Learning The S.O.L.I.D Programming Principles: Dependency inversion principle [Part – VI]

History:

In our previous posts we learned ‘What is S.O.L.I.D. Programing Principles’ and a detailed explalantion with code of
Single Responsibility Principle, Open/closed Principle, Liskov Substitution Principle and Interface Segregation Principle.


S.O.L.I.D. is an acronym introduced by Michael Feathers as:

  1. S for SRP: Single responsibility principle
  2. O for OCP: Open/closed principle
  3. L for LSP: Liskov substitution principle
  4. I for ISP: Interface segregation principle
  5. D for DIP: Dependency inversion principle
  • Single Responsibility Principle says class should have single responsibility. In reference to this I would say “A class should have single responsibility”.
    Lets dive into ocean – can we read this like “a class should not design to do multiple activities”.
  • Open/Closed Principle says “software entities (classes, modules, functions, etc.) should be open for extension, but closed for modification”.
  • Liskov Substitution Principle says “if S is a subtype of T, then objects of type T may be replaced with objects of type S (i.e., objects of type S may be substituted for objects of type T)
    without altering any of the desirable properties of that program (correctness, task performed, etc.)”
  • Interface Segregation Principle says “No clients should be forced to implement methods which it does not use and the contract should be broken into small and more specific interfaces.”

Learning S.O.L.I.D is very vast topic and can’t possible to explore in one-shot. I divided this into following parts:

Introduction

In this whole article, we will learn Dependency Inversion Principle in details with example.

Here is a definition from wiki:

“High level moudles should not depends upon low-level modules both should be tide using abstractions”

Dependency Inversion Principle (DIP)

This principle remembers us Decoupling.

Lets explore this with an example:

Rewind code example we discussed Single Responsible Principle, there is a property Type which tells data type, now take a look into
following snippet

public class DataBase : IRule, IRepository
{
	private ISession session;
	public virtual bool IsValid(ServerData data, SourceServerData sourceData)
	{
		//implementation goes here
	}

	public virtual void Save(ServerData data)
	{
		if(data.Type == 1)
		{
			session = new ServerDataSession();
		}
		else
		{
			session = new SourceServerDataSession();
		}
		
		session.Save(data);
	}
}

There is violation of SRP in above, to solve this lets create a separate interface which holds, save method:

interface ISession
{
	void Save<T>(T data);
}

and lets create different saver as per below snippet:

class ServerDataSession:ISession
{
	public void Save<T>(T data)
	{
		//save logic goes here
	}
}
class SourceServerDataSession:ISession
{
	public void Save<T>(T data)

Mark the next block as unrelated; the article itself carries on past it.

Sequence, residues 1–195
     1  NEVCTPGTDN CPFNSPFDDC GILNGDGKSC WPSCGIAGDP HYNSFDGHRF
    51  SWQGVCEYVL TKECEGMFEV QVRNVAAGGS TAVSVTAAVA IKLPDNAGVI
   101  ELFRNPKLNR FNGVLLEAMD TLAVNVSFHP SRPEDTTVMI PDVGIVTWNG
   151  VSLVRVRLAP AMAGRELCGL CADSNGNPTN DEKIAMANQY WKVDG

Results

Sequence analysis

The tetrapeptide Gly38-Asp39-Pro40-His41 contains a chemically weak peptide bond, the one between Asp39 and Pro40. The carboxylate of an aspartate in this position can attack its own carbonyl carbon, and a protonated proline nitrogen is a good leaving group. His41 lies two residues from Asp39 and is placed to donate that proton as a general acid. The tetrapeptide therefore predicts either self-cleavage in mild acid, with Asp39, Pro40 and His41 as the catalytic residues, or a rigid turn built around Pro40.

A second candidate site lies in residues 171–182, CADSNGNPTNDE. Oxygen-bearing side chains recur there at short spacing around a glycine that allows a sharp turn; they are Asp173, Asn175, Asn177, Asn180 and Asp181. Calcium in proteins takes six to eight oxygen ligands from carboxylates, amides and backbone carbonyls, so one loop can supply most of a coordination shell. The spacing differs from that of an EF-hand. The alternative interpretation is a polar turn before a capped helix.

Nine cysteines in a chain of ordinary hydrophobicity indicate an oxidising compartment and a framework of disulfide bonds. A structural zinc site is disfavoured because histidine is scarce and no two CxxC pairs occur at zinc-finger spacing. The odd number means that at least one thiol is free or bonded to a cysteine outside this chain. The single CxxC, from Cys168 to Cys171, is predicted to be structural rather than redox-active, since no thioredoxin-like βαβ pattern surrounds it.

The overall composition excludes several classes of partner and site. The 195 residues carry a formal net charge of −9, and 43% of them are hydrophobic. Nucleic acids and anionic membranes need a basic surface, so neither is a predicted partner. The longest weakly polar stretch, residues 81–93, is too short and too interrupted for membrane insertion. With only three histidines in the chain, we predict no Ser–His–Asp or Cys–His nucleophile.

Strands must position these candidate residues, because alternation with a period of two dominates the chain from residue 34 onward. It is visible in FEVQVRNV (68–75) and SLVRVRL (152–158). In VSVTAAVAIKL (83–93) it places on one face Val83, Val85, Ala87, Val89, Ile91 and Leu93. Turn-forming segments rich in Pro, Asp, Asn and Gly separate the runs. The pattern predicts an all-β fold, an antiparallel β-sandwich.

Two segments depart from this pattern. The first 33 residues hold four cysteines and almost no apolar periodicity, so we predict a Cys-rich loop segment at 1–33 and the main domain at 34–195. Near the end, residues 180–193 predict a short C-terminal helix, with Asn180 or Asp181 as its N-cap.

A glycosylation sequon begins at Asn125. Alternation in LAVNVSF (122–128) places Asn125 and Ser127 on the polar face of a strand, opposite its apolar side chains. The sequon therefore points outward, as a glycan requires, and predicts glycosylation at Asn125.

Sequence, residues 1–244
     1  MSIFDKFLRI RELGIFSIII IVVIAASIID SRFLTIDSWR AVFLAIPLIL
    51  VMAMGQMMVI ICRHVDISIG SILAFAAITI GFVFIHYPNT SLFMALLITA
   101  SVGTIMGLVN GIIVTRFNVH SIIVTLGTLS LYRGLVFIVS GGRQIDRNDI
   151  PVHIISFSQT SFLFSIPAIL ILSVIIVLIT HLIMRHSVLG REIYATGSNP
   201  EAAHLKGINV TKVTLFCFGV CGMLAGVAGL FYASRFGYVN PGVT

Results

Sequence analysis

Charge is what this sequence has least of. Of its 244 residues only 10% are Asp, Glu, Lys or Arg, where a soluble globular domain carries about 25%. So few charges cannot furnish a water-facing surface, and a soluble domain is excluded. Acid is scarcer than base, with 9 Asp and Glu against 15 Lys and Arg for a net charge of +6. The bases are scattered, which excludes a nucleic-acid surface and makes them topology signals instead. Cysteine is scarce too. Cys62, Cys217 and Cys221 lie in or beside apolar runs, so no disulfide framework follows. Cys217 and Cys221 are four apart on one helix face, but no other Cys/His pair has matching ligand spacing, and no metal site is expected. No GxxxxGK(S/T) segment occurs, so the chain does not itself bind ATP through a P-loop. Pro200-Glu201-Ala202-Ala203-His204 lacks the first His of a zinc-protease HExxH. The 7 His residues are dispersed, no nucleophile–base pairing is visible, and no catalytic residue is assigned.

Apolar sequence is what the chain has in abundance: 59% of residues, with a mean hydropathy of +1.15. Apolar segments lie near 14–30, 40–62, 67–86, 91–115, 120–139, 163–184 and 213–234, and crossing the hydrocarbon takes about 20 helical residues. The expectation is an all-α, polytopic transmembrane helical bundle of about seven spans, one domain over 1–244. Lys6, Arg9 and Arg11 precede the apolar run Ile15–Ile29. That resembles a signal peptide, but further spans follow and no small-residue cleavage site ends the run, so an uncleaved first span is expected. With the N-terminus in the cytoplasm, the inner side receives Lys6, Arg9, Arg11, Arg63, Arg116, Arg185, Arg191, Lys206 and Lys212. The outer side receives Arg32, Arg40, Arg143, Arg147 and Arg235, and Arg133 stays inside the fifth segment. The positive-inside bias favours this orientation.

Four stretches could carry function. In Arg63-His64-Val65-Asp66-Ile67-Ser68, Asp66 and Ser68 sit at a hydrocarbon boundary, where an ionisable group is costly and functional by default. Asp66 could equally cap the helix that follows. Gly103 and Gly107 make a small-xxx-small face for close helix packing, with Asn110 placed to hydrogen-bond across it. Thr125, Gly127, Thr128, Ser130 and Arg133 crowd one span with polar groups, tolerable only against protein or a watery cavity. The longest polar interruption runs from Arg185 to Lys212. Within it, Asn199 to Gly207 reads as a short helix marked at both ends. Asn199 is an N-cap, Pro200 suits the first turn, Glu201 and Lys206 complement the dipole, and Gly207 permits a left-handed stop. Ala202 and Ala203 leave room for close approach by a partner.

{
		//save logic goes here
	}
}

Now, what?

We need to supply Session as per Data type, here we are delegating responsibility to someone else. In other words, for above snippet our DataBase class
is delegating its responsibility to others (ServerDataSession,SourceServerDataSession).

Need to modify our DataBase class as:

public class DataBase : IRule, IRepository
{
	private ISession _session;

	public DataBase(ISession session)
	{
		_session = session;
	}
	public virtual bool IsValid(ServerData data, SourceServerData sourceData)
	{
		//implementation goes here
	}

	public virtual void Save(ServerData data)
	{
		_session.Save<ServerData>(data);
	}
}

At this point, our client is free to inject what he/she wants to consume:

IRepository dataBase = new Database(new ServerDataSession());

Conclusion:

Till this article, we learned S.O.L.I.D. programing principles to make our applications/software design better. This is just a start, as soon as you go through the
other Design Patter you will grab more power to make your software more beautify.

We learned:

S.O.L.I.D. is an acronym introduced by Michael Feathers as:

  1. S for SRP: Single responsibility principle
  2. O for OCP: Open/closed principle
  3. L for LSP: Liskov substitution principle
  4. I for ISP: Interface segregation principle
  5. D for DIP: Dependency inversion principle

How to download source-code?

You can download complete souce code of examples used in this article from GitHub: Learning Solid.

4 comments on “Learning The S.O.L.I.D Programming Principles: Dependency inversion principle [Part – VI]”

  1. Pingback: Learning The S.O.L.I.D Programming Principles: Open Closed Principle [Part - III] Gaurav-Arora.com

  2. Pingback: Learning The S.O.L.I.D Programming Principles: Single responsibility principle [Part - II] Gaurav-Arora.com

  3. Pingback: Learning The S.O.L.I.D Programming Principles: Overview [Part - I] Gaurav-Arora.com

Leave A Reply